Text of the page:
Instant impact is what 1st-rounders all about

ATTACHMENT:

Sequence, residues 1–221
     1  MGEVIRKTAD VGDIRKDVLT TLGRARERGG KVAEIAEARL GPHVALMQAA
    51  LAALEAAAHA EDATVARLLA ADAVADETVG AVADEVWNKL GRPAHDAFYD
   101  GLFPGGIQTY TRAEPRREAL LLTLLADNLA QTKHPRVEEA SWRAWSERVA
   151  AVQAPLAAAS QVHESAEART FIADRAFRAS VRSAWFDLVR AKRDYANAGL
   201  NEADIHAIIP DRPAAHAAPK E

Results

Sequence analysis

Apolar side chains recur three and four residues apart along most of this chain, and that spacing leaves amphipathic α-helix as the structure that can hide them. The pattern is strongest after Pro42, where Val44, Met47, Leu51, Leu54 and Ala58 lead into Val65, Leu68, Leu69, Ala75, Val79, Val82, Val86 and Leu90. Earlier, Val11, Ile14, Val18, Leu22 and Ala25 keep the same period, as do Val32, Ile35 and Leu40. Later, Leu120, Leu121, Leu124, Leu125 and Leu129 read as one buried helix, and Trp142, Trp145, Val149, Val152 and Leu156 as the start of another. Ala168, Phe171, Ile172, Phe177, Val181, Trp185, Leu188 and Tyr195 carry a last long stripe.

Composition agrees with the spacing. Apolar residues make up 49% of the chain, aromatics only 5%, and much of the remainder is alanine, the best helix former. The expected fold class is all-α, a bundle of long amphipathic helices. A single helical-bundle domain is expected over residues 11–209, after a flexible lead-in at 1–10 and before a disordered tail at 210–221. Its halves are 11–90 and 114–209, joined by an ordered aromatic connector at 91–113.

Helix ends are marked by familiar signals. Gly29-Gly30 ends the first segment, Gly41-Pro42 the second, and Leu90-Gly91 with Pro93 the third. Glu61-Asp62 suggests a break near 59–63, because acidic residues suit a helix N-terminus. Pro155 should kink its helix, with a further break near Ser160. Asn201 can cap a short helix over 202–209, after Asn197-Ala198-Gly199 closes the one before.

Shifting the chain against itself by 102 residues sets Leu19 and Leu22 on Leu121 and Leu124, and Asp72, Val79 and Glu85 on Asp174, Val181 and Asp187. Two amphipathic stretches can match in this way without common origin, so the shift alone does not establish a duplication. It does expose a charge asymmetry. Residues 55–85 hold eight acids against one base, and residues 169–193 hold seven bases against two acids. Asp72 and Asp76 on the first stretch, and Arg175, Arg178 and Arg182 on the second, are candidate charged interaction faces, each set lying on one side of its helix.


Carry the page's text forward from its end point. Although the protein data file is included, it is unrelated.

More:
Performance is what Davis and Lawson have been all about during their decorated college careers, which crossed paths a few times in Atlantic Coast Conference play when Davis' Maryland Terrapins met up with Lawson's North Carolina State Wolfpack. Both put up big statistical numbers at tight end and defensive end, respectively, but it's the numbers that each put up after the 2005 season that had scouts and NFL personnel types drooling and the 49ers feeling equal parts giddy and smug that they were able to land both elite prospects on the same day. "We just drafted the two fastest guys on our team," said Nolan, and the numbers seem to bear that out. Davis ran the 40-yard dash in 4.38 seconds at the NFL Combine in February – the fifth-fastest time of any player at the event. Lawson covered the same ground in 4.41 seconds. "We want to get better and speed is a plus," Nolan continued, "but you want to get football players first. I don't want to draft off a combine. When you're picking as high as we did, in both cases you want to get as clean a player as you can in every way. I feel great about the two we got. We got two players who are going to be with us a while." Speed is one thing, but both Davis and Lawson have the engine and chassis to go with it. Davis is 6-foot-3 and 254 pounds of driving muscle. Lawson stands 6-5 and 241, and while he doesn't bulge out of his skin quite like Davis does, he is all lean and mean. Lawson is a former decathlete who competed in several events for North Carolina State's track and field team during the football offseason. Davis is a noted workout warrior who holds several Maryland strength records in the bench press (460 pounds), power clean (355) and squat (685). Both players have incredible 40-inch vertical leaps. So who wins the battle when these two hotshot rookies start going head-up once they start practicing together as 49ers? That battle could get so good that their teammates might just stop what they're doing to gather around and watch. "I'm looking forward to it," Lawson said. "I'm a competitor, so I'm very eager. It's going to be great. I've seen what Vernon can do." The 49ers expect Davis and Lawson to step in immediately as starters, and neither player was backing down from that challenge during their first interviews as 49ers on Saturday. "I see myself making an instant impact, right away," Davis said. "I'm going to learn the system and then get out there and get it done." Said Lawson: "The 49ers just got somebody who is very intense on the field who can give 110 percent, everything he has to get to the ball. Somebody who can cover and also rush the passer. They can have a complete package in one guy who can fulfill many roles on the field. I'll do anything they want me to. I told them they can use me any which way they want to. All they have to do is tell me." The 49ers plan to make Lawson their new Julian Peterson, using him at outside linebacker and moving him around to rush from the edge. Lawson had 20.5 sacks, 39.5 tackles for losses and 40 quarterback pressures during his college career. His long wing span also provided seven blocked kicks and 17 deflected passes. He's the new, shiny part for a San Francisco defense that ranked last in the NFL in 2005. Davis, most definitely, provides the same kind of thing for a San Francisco offense that also ranked last in the NFL. "One of the things we are really excited about," Nolan said, "is that we felt we not only got the best tight end in the draft, but we also got the best wide receiver in the draft. He's that kind of player. He's a good person, hard worker, good player, explosive player and also a good blocker. He will be effective not only on the plays where he's carrying the ball, but also on the plays where he's blocking. His involvement in the offense will help out just about every phase of our offense." That's what good first-rounders are all about, right? As Nolan said, Davis and Lawson both look the part as they join the 49ers as the team's top 2006 draft prizes. Now it's up to them to perform like it, and perhaps no two players in the draft have better tools to do so.
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